Many professionals recognise the importance and usefulness of working with parents. They pass on teaching skills, involve parents in an assessment along with educational or therapeutic programmes. However, this approach often assumes that parents share the same aims and beliefs as the professional. Also, it can be assumed, sometimes incorrectly, that parents have the skills, time and motivation to carry out the suggested programme.

Moving in the Right Direction

Negotiation within the context of a mutually respecting relationship is usually the best foundation. Decision making is within the parents’ control and as a result, parents may choose to reject advice and support which can be difficult for the professional to accept.

Suggestions

  • Often, it is not what you say but how you say it

  • From the outset clearly set out the parental and professional role so neither has incorrect expectations of the other

  • Whilst there is no excuse for unprofessional behaviour, don’t forget that a professional might be,

  1. Having a bad day too

  2. Going through a difficult situation at home

And not,

  1. Be experienced in managing such a complex and volatile situation

Etc

The Value of Consultation

Parents offer invaluable information about their child’s response to learning and development. They should therefore share in the planning and implementation of their child’s education and development …

Professional Skills

Offering family support requires a recognition of the many pressures, challenges and changes in circumstance that might manifest when having a disabled child; for example,

  • Finance

  • Employment

Also,

  • Relationship with a partner

  • Elderly parent

And concerns about,

  • Siblings

  • The future

When engaging with a family, some professionals can carry with them their own perceptions of right and wrong and what is acceptable or unacceptable behaviour. They can forget that their own views may have been developed whilst being brought up in a different socio-economic group or culture. Unfortunately, being a good teacher for example and trained to work in schools does not necessarily transfer into being a good home visitor with the understanding necessary to enter what is perhaps a dysfunctional situation where a family is trying to work through the trauma of having a disabled child.

A Few Suggestions

  • Constantly consider the limitations of what you can and cannot do and, what you know and where your knowledge is limited

  • Avoid saying I know when this isn’t the case. If you don’t know say so but you will find out

  • All professionals have limitations. Consequently, clear objectives should be set based on knowledge and experience

And,

  • Always give clear feedback after a meeting to include what was discussed and what are the Action Points for all concerned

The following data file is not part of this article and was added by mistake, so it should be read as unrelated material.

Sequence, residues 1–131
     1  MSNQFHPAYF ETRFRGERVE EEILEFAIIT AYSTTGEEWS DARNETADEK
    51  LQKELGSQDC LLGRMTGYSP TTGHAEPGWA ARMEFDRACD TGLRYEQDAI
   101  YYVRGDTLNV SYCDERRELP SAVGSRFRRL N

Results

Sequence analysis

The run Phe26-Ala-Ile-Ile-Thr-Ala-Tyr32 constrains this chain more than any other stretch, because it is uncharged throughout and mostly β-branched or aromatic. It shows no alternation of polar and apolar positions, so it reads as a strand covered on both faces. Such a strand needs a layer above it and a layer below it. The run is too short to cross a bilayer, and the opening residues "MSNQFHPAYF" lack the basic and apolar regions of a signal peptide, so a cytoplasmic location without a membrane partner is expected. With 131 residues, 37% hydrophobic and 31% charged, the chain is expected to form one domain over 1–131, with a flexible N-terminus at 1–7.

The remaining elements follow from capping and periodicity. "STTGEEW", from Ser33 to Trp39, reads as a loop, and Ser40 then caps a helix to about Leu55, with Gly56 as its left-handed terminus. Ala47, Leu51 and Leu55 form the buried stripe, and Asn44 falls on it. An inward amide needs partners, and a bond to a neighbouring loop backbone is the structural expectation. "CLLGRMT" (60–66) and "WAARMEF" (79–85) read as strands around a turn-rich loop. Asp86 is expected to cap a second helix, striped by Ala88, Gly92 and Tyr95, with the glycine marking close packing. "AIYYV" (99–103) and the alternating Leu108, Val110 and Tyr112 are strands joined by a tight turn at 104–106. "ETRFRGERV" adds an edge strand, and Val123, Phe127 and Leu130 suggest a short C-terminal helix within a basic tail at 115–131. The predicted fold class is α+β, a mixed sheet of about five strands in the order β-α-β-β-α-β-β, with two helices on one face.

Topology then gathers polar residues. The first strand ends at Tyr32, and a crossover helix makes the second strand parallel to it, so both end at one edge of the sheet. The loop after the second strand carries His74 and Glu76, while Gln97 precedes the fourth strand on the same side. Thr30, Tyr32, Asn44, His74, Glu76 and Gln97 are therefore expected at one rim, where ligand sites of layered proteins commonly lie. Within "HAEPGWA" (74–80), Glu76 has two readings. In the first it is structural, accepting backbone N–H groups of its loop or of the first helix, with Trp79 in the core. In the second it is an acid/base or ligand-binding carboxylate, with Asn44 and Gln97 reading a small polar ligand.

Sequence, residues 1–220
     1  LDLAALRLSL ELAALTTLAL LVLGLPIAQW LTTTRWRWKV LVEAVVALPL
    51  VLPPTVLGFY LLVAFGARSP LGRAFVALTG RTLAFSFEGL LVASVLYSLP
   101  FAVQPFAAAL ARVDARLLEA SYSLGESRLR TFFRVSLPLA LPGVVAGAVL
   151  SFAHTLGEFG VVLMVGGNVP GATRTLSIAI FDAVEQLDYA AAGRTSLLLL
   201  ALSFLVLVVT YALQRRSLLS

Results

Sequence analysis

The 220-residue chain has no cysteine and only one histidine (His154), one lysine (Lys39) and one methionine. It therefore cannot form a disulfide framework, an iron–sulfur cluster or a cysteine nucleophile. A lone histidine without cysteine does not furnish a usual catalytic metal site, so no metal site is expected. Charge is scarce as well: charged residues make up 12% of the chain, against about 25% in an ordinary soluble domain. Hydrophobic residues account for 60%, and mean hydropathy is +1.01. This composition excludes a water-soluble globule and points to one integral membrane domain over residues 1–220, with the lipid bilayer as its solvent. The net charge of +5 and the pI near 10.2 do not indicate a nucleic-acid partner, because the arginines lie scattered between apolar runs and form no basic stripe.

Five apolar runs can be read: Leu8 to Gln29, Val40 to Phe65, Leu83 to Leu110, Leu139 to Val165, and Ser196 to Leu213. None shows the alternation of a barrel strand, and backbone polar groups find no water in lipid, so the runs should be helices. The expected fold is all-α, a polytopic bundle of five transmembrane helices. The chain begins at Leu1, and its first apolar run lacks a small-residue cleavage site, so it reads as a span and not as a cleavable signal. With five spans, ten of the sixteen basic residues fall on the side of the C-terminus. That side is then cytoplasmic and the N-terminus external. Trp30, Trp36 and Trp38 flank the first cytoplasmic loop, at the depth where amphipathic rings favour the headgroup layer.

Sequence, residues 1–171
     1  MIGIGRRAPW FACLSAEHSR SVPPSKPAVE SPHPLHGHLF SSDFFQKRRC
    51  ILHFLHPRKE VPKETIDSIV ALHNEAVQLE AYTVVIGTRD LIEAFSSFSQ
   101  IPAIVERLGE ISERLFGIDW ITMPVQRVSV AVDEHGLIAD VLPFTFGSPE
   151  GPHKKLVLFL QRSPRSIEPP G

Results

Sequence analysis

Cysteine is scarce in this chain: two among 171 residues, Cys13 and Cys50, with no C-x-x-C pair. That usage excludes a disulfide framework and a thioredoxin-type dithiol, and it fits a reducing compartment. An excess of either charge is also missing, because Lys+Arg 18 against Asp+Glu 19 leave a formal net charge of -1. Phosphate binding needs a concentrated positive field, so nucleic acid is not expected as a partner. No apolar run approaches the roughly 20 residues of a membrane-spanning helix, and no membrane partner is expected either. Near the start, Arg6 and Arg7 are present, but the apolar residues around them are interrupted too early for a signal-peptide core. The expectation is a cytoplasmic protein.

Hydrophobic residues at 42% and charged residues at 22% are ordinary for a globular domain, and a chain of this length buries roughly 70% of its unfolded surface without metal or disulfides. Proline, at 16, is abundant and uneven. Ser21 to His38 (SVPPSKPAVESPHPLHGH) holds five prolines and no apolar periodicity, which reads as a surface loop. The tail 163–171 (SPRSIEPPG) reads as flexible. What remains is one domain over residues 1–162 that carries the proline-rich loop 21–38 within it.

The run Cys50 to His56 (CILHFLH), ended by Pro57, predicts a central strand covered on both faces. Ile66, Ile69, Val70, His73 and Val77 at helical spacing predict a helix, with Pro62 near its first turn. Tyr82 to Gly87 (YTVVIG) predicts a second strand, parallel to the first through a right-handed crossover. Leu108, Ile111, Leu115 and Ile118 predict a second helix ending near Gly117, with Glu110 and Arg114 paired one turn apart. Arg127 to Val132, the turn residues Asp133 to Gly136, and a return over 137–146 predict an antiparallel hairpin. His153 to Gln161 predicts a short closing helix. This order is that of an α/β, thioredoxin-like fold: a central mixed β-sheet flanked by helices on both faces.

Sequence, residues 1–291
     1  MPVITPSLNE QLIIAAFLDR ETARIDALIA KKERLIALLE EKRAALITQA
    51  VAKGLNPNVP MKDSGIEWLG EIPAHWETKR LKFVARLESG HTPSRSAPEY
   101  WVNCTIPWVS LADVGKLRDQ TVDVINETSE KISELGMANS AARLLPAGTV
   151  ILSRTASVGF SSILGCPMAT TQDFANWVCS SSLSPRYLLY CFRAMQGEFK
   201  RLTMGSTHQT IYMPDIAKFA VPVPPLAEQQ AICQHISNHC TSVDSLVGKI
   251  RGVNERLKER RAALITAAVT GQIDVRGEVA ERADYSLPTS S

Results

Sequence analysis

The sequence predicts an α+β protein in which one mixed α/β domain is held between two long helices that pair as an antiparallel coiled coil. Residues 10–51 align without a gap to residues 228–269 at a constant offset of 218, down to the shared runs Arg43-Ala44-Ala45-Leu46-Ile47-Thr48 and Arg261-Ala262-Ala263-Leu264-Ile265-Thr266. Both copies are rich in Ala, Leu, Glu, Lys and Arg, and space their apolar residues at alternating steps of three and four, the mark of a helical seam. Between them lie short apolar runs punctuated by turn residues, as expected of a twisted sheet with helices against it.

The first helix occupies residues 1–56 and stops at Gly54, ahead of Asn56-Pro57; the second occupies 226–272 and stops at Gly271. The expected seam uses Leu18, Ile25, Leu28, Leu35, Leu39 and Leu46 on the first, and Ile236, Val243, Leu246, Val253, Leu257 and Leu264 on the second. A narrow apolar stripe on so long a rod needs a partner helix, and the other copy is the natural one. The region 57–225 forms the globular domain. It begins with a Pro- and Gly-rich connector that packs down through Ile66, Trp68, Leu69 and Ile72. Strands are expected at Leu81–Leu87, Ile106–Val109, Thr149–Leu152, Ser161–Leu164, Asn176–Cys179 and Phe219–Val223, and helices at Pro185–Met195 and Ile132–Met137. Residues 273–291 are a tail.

• Objectively review your intervention. Ideally, this will take place during regular supervision where you can openly and safely discuss casework

A Working Relationship But Not Too Close

It is important to build a good working relationship whilst avoiding getting too close and thereby trying to solve issues outside your role. For example, peripatetic teachers should not become counsellors or surrogate mothers and move beyond their field of expertise. At best, a confusing message may be sent and could even cause harm through dabbling and opening up issues difficult to resolve.

Dialogue with Other Professionals

All professionals should be prepared to keep an open dialogue with other professionals from other disciplines. This is particularly the case if the child is multi-disabled. Parents should be kept in the loop with feedback about any discussions taken place.

Visits and Meetings

A meeting or visit may cause concern based on the actual or perceived reason for the meeting. A feeling may exist whereby a professional may have to be judgmental about the situation, family and home. A professional, after all, is the agent of an organisation which may control the allocation of resources and, for various reasons may not be highly thought of by the family.

Other Considerations

The time of a visit might be inconvenient. Parents can feel that objecting might undermine the support given. Therefore, ensure that the time chosen for a visit is in fact mutually acceptable.

  • Consider the frequency of visits so the family has time to implement or try the suggestions made at the last meeting

  • If the child is multi-disabled several professionals might be visiting and taking up too much time in an already busy day

  • Ensure the family know what your role is and why you are visiting

  • Families often feel that they are being judged with the information placed on file. This fear may be masked behind politeness

A Task Centred Approach

A Task Centred approach can be developed as a short term method of supportive intervention. It builds on people’s strengths, focuses on what works rather than what doesn’t.

This approach offers a way of working through complex issues in a methodical way and in bite size chunks. It softens many of the problems encountered when parents work with professionals.

The stages are,

The Mandate

During this stage the parent and key professional develop a partnership as the basis for future work. The agreement is explicit about what sanctions the work.

Explore the Issues Needing to be Addressed

Together the parent and professional explore the range of issues in a systematic way. Issues are scanned at a general ‘headline’ level. The main focus is on the issues identified by the parent. The professional is explicit about any additional issues identified.

Detail Each Issue

  • What specifically is the nature of the issue?

  • What or where does the problem occur?

  • Who is involved in the problem?

  • Why is it a problem?

  • How is it a problem

Select one or at most two problem areas to work on at a time.

The Written Agreement

The piece of work is then guided by a negotiated agreement. It consists of:

  • The selected problem(s)

  • An agreed goal e.g. “I want to .../ We want to ...”

  • A time limit by which the goal will be achieved and a plan to indicate the frequency and pattern of contacts

Working on Tasks and Reviews

At each session, the parent and professional review progress on tasks agreed at the previous session. They then develop new ones which will move them closer to achieving the goal.

Evaluating and Ending the Work

Having evaluated the piece of work the intervention is ended. If other problems exist or a fresh problem arises a new Mandate is produced.

Conclusion

This method offers a quantifiable way of breaking down a complicated situation into bite sized chunks. Each problem area is then addressed methodically.

Books

Copyright 2021